Similarly, the disengagement surface can be any surface that limits a path of a fiber when coiled about the disengagement surface such that the radius of each curve of the path at least meets a reliability-adjusted minimum bending radius of the fiber. The path of the fiber can vary with the longitudinal tension in the fiber, and can include a plurality of curves.

Citations de brevets
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Référencé par
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Classifications
Classification aux États-Unis385/135, 242/174, 242/920, 242/472.7
Classification internationaleG02B6/44
Classification coopérativeY10S242/92, G02B6/4457, G02B6/4453
Classification européenneG02B6/44C8B
Événements juridiques
DateCodeÉvénementDescription
14 mars 2013FPAYFee payment
Year of fee payment: 12
12 avr. 2010ASAssignment
Owner name: TYCO TELECOMMUNICATIONS (US) INC.,NEW JERSEY
Free format text: CHANGE OF NAME;ASSIGNOR:TYCOM (US) INC.;US-ASSIGNMENT DATABASE UPDATED:20100412;REEL/FRAME:24213/432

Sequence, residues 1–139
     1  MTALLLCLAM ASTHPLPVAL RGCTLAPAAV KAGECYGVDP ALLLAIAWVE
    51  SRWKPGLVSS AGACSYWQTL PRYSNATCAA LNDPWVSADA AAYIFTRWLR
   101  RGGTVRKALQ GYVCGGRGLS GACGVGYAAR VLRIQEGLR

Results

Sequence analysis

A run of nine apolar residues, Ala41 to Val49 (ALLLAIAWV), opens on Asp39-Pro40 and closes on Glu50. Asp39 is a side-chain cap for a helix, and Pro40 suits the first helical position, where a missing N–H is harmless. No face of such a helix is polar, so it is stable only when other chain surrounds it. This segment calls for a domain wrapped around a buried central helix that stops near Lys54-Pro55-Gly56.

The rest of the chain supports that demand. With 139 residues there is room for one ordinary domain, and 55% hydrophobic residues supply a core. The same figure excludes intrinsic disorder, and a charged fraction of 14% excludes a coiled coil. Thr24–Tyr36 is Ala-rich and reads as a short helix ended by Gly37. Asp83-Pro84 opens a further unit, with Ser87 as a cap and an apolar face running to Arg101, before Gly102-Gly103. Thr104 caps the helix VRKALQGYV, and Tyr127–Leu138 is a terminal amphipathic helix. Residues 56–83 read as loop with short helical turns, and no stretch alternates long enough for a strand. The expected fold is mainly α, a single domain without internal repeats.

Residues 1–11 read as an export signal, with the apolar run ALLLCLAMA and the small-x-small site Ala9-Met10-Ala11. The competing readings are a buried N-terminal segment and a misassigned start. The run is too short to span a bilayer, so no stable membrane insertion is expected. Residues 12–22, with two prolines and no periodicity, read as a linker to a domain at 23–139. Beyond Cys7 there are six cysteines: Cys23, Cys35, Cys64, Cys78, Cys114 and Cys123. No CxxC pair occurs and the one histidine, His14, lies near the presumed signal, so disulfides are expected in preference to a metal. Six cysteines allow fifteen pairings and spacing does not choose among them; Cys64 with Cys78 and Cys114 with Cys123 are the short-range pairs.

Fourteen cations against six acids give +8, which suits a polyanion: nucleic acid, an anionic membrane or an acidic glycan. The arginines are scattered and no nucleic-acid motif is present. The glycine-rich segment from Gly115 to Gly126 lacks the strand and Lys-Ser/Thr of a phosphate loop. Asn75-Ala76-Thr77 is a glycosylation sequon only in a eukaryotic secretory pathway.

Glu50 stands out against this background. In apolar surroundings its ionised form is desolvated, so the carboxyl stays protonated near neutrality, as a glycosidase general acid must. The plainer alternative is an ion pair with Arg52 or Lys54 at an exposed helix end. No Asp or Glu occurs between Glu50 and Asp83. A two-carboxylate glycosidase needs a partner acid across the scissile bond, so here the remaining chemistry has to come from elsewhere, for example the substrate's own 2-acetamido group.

Effective date: 20020105
Free format text: CHANGE OF NAME;ASSIGNOR:TYCOM (US) INC.;REEL/FRAME:024213/0432
11 juin 2009FPAYFee payment
Year of fee payment: 8
13 juin 2005FPAYFee payment
Year of fee payment: 4
9 mars 2001ASAssignment
Owner name: TYCOM (US) INC., NEW JERSEY
Free format text: CHANGE OF NAME;ASSIGNOR:TYCO SUBMARINE SYSTEMS LTD.;REEL/FRAME:011619/0733
Effective date: 20000725
Owner name: TYCOM (US) INC. 60 COLUMBIA ROAD MORRISTOWN NEW JE
Owner name: TYCOM (US) INC. 60 COLUMBIA ROADMORRISTOWN, NEW JE
Free format text: CHANGE OF NAME;ASSIGNOR:TYCO SUBMARINE SYSTEMS LTD. /AR;REEL/FRAME:011619/0733
23 mars 2000ASAssignment
Owner name: TYCO SUBMARINE SYSTEMS LTD., NEW JERSEY
Free format text: ASSIGNMENT OF ASSIGNORS INTEREST;ASSIGNOR:WISLINSKI, MARTIN T.;REEL/FRAME:010507/0921
Effective date: 19991213
Owner name: TYCO SUBMARINE SYSTEMS LTD. 60 COLUMBIA TURNPIKE M